Adolescence is a tough age for patients with inflammatory bowel disease (IBD) because they transition from child to adult medicine. Although a better understanding of the experience of illness and therefore a better response to the patient's needs have often been stressed, no studies have yet investigated the paediatricians’ insight into their IBD adolescent patients.Methods:
A group of adolescents (ages 12–19) diagnosed as having IBD was administered a questionnaire listing 22 items of concern. They were asked to rank each item on a 5-point scale according to the degree of effect on the quality of their everyday life. The same questionnaire was administered to a group of paediatricians experienced in treating IBD and to a group of paediatric residents. Paediatricians and residents were asked to estimate how much each item would affect the quality of an average patient's life, according to the same scale. The questionnaire was also used in a face-to-face approach, asking a paediatrician to apply the estimation to an individual patient, instead of an average imaginary one.Results:
Fifteen paediatric gastroenterologists, 11 paediatric residents, and 28 patients (female:male = 16:12; median age 16.3 years) took part in the study. The majority of patients experienced Crohn disease (17 vs 11 with ulcerative colitis). We found only 6 items overlapping when comparing the top 10 items ranked by patients and paediatricians. The patients’ number 1 concern occupies the ninth position in the paediatricians’ list. The number 1 item for paediatricians is not even mentioned in the patients’ top 10 list. Overall, both paediatricians’ and residents’ rankings were significantly higher than those given by patients.Conclusions:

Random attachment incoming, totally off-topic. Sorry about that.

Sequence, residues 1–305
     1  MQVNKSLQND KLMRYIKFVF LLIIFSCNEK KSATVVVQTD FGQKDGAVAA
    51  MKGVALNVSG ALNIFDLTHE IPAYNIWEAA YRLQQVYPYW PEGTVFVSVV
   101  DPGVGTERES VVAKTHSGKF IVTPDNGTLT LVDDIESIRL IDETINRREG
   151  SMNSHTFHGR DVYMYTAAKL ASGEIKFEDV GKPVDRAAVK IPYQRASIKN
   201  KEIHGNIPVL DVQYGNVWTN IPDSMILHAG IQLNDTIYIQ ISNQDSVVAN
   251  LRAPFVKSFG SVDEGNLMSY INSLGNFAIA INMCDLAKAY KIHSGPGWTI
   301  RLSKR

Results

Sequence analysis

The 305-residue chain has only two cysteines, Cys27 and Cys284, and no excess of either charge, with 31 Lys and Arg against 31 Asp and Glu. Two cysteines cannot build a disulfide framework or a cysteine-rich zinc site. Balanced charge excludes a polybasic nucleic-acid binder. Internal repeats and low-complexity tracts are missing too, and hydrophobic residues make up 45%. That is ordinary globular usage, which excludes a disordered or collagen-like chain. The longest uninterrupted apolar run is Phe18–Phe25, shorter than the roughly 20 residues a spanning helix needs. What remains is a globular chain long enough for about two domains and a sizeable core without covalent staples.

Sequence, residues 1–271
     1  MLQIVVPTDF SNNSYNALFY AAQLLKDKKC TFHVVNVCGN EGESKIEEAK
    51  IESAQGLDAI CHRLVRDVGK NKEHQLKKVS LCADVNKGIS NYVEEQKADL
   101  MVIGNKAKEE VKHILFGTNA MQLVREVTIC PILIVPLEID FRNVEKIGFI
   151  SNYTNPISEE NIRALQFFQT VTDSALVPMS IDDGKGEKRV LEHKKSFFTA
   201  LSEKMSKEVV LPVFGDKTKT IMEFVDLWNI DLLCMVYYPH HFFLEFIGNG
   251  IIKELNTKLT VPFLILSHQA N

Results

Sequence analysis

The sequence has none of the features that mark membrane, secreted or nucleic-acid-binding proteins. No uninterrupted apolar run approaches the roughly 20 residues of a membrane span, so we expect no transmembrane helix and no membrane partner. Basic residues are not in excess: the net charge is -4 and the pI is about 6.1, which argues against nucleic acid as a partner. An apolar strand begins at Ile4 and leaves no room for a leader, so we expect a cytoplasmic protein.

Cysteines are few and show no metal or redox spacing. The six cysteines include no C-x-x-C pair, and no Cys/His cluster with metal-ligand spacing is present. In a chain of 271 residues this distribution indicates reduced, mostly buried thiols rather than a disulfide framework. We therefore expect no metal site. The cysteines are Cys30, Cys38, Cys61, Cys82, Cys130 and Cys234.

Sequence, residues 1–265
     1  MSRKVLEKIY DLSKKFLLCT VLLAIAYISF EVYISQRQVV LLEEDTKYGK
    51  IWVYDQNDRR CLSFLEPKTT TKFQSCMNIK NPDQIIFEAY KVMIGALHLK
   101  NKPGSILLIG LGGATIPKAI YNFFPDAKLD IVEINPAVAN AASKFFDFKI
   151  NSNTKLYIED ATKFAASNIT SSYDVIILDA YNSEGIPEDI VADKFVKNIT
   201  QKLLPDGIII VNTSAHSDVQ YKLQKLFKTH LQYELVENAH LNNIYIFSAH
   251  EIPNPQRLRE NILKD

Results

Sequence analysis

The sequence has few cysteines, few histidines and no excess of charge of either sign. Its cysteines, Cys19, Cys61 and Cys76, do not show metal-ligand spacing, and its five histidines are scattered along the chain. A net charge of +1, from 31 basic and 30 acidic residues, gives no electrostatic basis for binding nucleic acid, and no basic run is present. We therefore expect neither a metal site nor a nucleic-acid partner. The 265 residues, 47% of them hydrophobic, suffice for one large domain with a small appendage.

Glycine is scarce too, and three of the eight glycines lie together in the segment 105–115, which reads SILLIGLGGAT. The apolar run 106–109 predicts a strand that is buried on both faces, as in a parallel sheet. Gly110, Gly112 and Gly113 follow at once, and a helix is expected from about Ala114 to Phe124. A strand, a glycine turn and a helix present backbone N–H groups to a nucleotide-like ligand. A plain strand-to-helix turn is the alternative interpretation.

We found a significant misalignment in the estimation of health concerns between IBD adolescent patients and their paediatricians. A better insight into IBD patients’ worries and concerns is crucial for the improvement of the patient's quality of life and disease outcome.